What is RSV?

Kirk Coverston, MD
Respiratory Syncytial Virus (RSV) is a common virus that affects many people during the winter. Statistically, nearly 100% of people have had RSV once by the age of 2 years old.

What is the concern with RSV?
It is a real concern for the very young, elderly, premature infants, asthmatics and those with chronic lung disorders. It usually starts as a runny nose and cough, but it can be dangerous and severe, causing bronchiolitis, pneumonia, apnea and death.

What are the symptoms? When is the peak season?
RSV usually starts with a runny nose for 2-3 days and then a cough develops. It can last 1 to 2 weeks and can be self-limiting. Supportive care with over-the-counter medications for older children can help. The majority of babies and children will recover well and you will never even know that they had RSV. The peak season for RSV is January through March.

When should I be concerned about my baby?
I usually see the biggest changes and concerns in infants less than 6 months of age, or premature babies on day number two or three of the illness. Starting with the severe, runny nose and cough, the illness descends into the chest causing bronchiolitis (inflammation of the small airways of the lungs). This is the leading cause of pneumonia in babies less than one year of age. If you look at your child’s chest wall, you can see retractions (skin sucking in under and between the ribs), or they are breathing very fast and have poor color (bluish undertones). For the premature infant, apnea (cessation or stopping of breathing) is a very serious concern. Seek medical attention immediately for any of these types of symptoms.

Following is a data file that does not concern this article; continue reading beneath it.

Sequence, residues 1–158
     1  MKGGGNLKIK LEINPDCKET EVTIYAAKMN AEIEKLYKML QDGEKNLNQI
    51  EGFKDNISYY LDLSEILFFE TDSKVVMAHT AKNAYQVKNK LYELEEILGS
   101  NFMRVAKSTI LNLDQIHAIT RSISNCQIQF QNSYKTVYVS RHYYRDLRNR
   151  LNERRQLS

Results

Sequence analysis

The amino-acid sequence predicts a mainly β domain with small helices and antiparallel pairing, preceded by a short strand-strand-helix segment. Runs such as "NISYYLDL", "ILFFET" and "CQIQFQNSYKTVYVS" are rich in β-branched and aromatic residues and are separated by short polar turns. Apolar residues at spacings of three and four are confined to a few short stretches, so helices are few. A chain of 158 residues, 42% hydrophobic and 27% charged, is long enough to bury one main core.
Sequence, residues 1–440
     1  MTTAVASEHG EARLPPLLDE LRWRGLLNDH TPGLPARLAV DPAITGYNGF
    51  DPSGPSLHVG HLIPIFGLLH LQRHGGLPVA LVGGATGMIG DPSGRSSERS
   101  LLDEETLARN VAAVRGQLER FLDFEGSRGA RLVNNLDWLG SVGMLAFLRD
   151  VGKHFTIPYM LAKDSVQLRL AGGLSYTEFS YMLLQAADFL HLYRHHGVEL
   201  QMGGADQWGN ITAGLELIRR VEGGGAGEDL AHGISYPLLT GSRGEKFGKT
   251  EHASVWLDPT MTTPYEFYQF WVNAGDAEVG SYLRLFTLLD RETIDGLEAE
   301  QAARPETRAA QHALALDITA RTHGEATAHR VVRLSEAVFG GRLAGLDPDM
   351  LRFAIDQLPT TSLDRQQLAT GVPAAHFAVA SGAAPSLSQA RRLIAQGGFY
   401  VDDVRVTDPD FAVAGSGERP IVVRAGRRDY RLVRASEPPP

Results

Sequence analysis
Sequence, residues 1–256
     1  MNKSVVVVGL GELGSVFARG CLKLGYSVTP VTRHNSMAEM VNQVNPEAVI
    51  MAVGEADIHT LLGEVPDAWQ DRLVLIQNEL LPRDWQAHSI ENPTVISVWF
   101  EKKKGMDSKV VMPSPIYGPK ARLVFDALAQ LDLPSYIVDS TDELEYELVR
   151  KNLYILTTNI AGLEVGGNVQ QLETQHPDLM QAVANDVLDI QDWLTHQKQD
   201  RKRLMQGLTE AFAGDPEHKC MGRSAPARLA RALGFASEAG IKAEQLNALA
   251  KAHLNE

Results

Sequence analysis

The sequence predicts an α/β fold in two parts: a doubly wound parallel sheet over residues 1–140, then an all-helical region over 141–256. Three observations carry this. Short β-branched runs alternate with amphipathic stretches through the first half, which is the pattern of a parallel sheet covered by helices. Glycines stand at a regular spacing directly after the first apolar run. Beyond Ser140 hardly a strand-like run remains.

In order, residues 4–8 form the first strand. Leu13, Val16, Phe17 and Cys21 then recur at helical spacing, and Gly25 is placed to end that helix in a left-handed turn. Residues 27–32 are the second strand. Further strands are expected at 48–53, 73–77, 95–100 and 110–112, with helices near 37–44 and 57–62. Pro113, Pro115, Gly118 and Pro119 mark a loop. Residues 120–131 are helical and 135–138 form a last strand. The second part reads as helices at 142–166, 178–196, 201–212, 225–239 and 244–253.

Should my child be checked for RSV?
Once we are in full RSV season, a positive RSV test doesn’t change the treatment or outcome. If you are concerned, you should have your pediatrician evaluate your child.

Are there any preventive measures that can be taken against RSV?
Yes, wash your hands, keep babies away from those that are sick, and sanitize counter tops and doorknobs when needed to maintain good hygiene. For some at-risk infants, there is a vaccine that can help prevent RSV called Synagis (Palivizumab). However, insurance companies now have stricter and tighter guidelines and have made it more difficult to obtain this medication for our fragile, high-risk infants. So if you are sick, please stay away from infants.

(Kirk D. Coverston MD, is a Board-certified pediatrician, with his private practice at Visalia Medical Clinic in Visalia. His practice covers all of general pediatrics from newborns to adolescent,s with a special interest in behavioral pediatrics, ADHD and chronic medical conditions.)